A minimal git management web application.
What is gitzebo?
gitzebo is a small Python git management web application. It was named gitzebo as it is intended to be a smaller, more lightweight, more secluded variant of the service GitHub and GitLab provide.
It is ideal for creating, managing, and sharing git repositories among small groups of developers.
Where Does gitzebo Run?
gitzebo theoretically runs on any host with git and Python installed.
Realistically, it has only been tested on CentOS 6.5. This means that Red Hat Enterprise Linux 6.5 will likely work with no modifications, and that some slight variances in deployment instructions will be needed for Debian-based hosts (including Ubuntu).
I’m working on setting up automated testing across multiple platforms.
The Python Package Index (PyPI) hosts source distributions. The gitzebo page is here. This means that pip, easy_install, and the like can be used to install gitzebo.
Documentation will eventually appear on my site.
Before deploying the web app, you need to install gitzebo and initialize its sqlite database:
virtualenv gitzebo-env source gitzebo-env/bin/activate pip install gitzebo gitzebo-schema create
After you’ve done so, you can bring up a development server to test it out:
Or you can jump directly to generating a mod_wsgi configuration using a helper utility:
# Tested on Red Hat / CentOS 6.5 gitzebo-generate-conf > /etc/httpd/conf.d/gitzebo.conf service httpd restart
Your Apache instance’s configuration directory will vary on Debian or Ubuntu, as will the command to restart Apache.
Why Reinvent the Wheel?!
GitHub, gitorious, GitLab, and gitolite all exist already. Why not use one of these?
The answers come down to requirements:
- easy to set up
- I dislike playing with configuration files for hours at a time to get software working. Applications should work with a minimum amount of documentation reading. Applications should work with a minimum amount of manual steps required to get them running. Ideally, installing an application and deploying it should take one to three commandline invocations.
- easy to use
- If an application is slow, unintuitive, or fails to solve a user’s problems, then it will go unused.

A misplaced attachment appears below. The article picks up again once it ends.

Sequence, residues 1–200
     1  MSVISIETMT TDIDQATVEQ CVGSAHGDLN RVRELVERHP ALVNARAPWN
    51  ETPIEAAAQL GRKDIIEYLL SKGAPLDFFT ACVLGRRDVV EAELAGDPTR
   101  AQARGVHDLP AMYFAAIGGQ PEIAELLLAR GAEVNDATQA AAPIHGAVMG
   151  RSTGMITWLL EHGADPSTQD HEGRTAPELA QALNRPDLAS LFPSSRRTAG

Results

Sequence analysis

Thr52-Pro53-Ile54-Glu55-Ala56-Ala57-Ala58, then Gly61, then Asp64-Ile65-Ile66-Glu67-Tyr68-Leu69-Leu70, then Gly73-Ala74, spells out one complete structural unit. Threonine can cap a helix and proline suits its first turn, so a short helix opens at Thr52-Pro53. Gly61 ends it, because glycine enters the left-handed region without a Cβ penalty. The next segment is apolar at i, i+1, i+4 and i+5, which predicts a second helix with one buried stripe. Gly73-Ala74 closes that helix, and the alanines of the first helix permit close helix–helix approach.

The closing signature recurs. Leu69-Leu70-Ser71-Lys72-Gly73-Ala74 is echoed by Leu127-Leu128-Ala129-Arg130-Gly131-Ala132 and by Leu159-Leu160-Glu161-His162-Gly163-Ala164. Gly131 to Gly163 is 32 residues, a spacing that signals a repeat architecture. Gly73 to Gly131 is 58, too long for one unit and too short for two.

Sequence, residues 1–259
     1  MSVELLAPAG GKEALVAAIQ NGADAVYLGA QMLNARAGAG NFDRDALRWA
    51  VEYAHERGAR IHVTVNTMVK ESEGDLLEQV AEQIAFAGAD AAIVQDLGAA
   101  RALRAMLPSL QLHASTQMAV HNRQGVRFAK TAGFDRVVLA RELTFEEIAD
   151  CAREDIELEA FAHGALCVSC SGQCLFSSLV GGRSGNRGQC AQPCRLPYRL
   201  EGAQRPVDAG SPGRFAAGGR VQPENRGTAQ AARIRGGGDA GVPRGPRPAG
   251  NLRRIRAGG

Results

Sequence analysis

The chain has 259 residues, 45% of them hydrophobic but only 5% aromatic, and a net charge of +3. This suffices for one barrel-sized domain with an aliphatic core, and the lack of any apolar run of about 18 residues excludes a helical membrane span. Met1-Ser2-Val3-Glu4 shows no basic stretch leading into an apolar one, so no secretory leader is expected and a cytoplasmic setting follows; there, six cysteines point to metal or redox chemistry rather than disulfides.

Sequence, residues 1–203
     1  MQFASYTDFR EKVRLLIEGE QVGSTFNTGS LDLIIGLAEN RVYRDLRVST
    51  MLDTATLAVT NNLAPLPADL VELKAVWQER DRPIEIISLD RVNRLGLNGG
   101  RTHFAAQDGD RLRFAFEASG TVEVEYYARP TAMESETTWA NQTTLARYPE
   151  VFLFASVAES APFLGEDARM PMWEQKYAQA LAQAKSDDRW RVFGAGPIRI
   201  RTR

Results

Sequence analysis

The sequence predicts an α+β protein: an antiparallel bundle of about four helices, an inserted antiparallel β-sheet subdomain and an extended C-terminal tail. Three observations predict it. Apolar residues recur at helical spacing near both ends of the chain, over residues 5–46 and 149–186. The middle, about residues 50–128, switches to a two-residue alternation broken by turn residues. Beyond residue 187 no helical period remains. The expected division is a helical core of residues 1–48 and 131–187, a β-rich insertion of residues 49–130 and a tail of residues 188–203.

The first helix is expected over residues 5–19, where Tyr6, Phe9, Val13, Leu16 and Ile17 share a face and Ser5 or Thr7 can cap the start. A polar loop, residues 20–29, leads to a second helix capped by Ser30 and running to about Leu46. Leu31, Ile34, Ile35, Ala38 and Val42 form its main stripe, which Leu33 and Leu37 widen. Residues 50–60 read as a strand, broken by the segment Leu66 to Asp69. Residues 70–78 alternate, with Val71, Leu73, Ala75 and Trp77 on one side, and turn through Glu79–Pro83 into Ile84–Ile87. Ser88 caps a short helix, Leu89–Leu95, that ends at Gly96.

- in-house deployment
- I have a bone to pick with software-as-a-service (SaaS). As a rule, I don’t like giving up my proprietary datasets. This dislike scales up with business value of the data: I dislike the idea of giving up a folder of dog pictures I’ve downloaded from the internet to use as wallpapers. You’d think it’s useless, and there’s no point to being protective: but even that data can be used as a training dataset for artificial intelligences dealing with visual classification… Scale it up to source code, configuration management, and monitoring? Those three are the absolute keys to your IT kingdom. My source code management solution will not be SaaS.
- I don’t necessarily want a bug tracker and pretty graphs and the like. The going Linux/UNIX philosophy is to keep each component as lightweight and focused as possible, which is something I like. I took away points for doing too much, which it seemed all git management solutions did.
The four de-facto solutions each violated one of these requirements:
- GitHub is software-as-a-service.
- gitorious is not easy to set up. Deployment on RHEL/CentOS 6 is a pain. You can read more here. I gave up on this approach after a while.
- GitLab was not easy to use due to performance issues. I got GitLab running in a VM with 1GB of memory and a dedicated core. Its performance with two users was slow enough to regularly invoke vulgarities. I don’t know if I missed some key setting, but we flagged it a no-go.
- gitolite also failed the ease-of-use test. gitolite does not have a web application for management built in, so I’d have to add one to meet my requirements. As such, it’s more of a library or back-end than a full-blown application. It being written in Perl and not having a well-defined API made me extremely nervous, as it seemed like adding a web front-end would be difficult.